President Obama is burning a hole in Uncle Sam’s pocket. Since he won the White House in 2009, the public debt has swelled by $4.3 trillion. Instead of trying to stem this flow of red ink, Mr. Obama is campaigning for more spending with a $467 billion stimulus bill. He doesn’t get it. Conservative candidates for his job are ready to sew up the hole.
At the Michigan debate on Wednesday, Rick Perry’s cringe-inducing memory lapse drew attention away from serious proposals to rein in reckless expenditures. The Texas governor said that he’d save money by getting rid of “three agencies of government, when I get there, that are gone: Commerce, Education and the - what’s the third one there? - let’s see.”
He meant to add the Department of Energy as part of a strategy that includes cutting $100 billion in nondefense, discretionary spending in his first year; capping spending at 18 percent of gross domestic product (GDP); freezing bureaucrat salaries and hiring; repealing Obamacare; and ending baseline budgeting.
Ron Paul suggested in the debate that Mr. Perry up the ante and name five departments to eliminate. The Texas congressman wants to close the Perry three, plus Housing and Urban Development and the Interior Department.
Mitt Romney tried to rescue Mr. Perry by offering the Environmental Protection Agency for the chopping block. The former Massachusetts governor recently unveiled his own plan to cut spending modeled on the congressional Republican “Cut, Cap and Balance” bill. He would immediately adopt the House GOP budget, which was ignored by Senate Democrats, to scale back nondefense, discretionary spending to pre-Obama 2008 levels.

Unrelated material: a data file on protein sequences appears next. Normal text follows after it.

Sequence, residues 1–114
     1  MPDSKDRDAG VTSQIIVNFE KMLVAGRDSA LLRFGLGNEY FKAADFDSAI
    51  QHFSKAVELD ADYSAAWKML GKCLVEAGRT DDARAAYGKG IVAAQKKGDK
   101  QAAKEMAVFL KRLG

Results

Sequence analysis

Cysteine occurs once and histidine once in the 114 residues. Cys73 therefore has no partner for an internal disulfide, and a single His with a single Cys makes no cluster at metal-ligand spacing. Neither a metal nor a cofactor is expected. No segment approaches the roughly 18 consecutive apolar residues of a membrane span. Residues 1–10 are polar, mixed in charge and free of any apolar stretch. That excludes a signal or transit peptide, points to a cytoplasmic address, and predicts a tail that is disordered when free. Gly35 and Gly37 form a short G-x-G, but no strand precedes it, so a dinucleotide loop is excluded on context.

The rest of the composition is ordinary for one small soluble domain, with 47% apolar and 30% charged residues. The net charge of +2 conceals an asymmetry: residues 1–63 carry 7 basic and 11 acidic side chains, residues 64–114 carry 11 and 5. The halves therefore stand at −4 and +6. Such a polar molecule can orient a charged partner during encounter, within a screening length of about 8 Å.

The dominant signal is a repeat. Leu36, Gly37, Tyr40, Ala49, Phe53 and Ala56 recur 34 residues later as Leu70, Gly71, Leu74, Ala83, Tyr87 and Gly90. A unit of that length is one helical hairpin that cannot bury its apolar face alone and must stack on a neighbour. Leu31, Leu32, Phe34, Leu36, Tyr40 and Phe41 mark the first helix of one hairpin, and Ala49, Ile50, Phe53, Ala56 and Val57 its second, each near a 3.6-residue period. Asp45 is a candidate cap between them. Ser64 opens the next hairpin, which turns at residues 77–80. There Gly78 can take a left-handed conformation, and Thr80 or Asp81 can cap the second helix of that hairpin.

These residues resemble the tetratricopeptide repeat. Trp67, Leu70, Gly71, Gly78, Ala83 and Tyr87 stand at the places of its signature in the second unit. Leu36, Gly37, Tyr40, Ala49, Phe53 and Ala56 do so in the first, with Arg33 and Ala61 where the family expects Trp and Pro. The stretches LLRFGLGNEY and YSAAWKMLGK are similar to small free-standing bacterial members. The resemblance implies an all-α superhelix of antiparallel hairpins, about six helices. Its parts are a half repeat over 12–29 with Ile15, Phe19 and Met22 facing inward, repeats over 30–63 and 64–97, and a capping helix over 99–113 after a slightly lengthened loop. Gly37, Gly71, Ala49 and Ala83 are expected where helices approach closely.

“We can’t continue to put at risk the greatest nation in the history of the earth because of the profligate spending that’s going on in Washington, D.C.,” he said.
By the end of his first term, Mr. Romney aims at trimming spending from the current 24 percent of gross domestic product to 20 percent. He estimates that would cut $500 billion from the budget in 2016 alone.
Big government programs would be eliminated, slashed or sent back to the states. He’d eliminate Obamacare, saving $95 billion; he’d erase Title X Family Planning Funding ($100 million); privatize Amtrak ($1.6 billion); reduce foreign aid ($100 million); and cut back liberal slush funds at the Corporation for Public Broadcasting, the National Endowments for the Arts and Humanities and the Legal Services Corporation ($600 billion).
Mr. Romney would shrink the bloated federal employee rolls by 10 percent, saving the taxpayer $4 billion. He’d also tie the compensation of the remaining bureaucrats to their private-sector counterparts, saving $47 billion. According to a recent analysis of the census, the average compensation for a federal employee in Washington, D.C. is $126,369.
The government can no longer spend so profligately without consequence. America has lost its AAA credit rating, suffers from 9 percent unemployment and is teetering on the brink of a double-dip recession. Finding a president willing to bring the federal government’s outlays back to reasonable levels will be the most important task for voters next year.
Emily Miller is a senior editor for the Opinion pages at The Washington Times.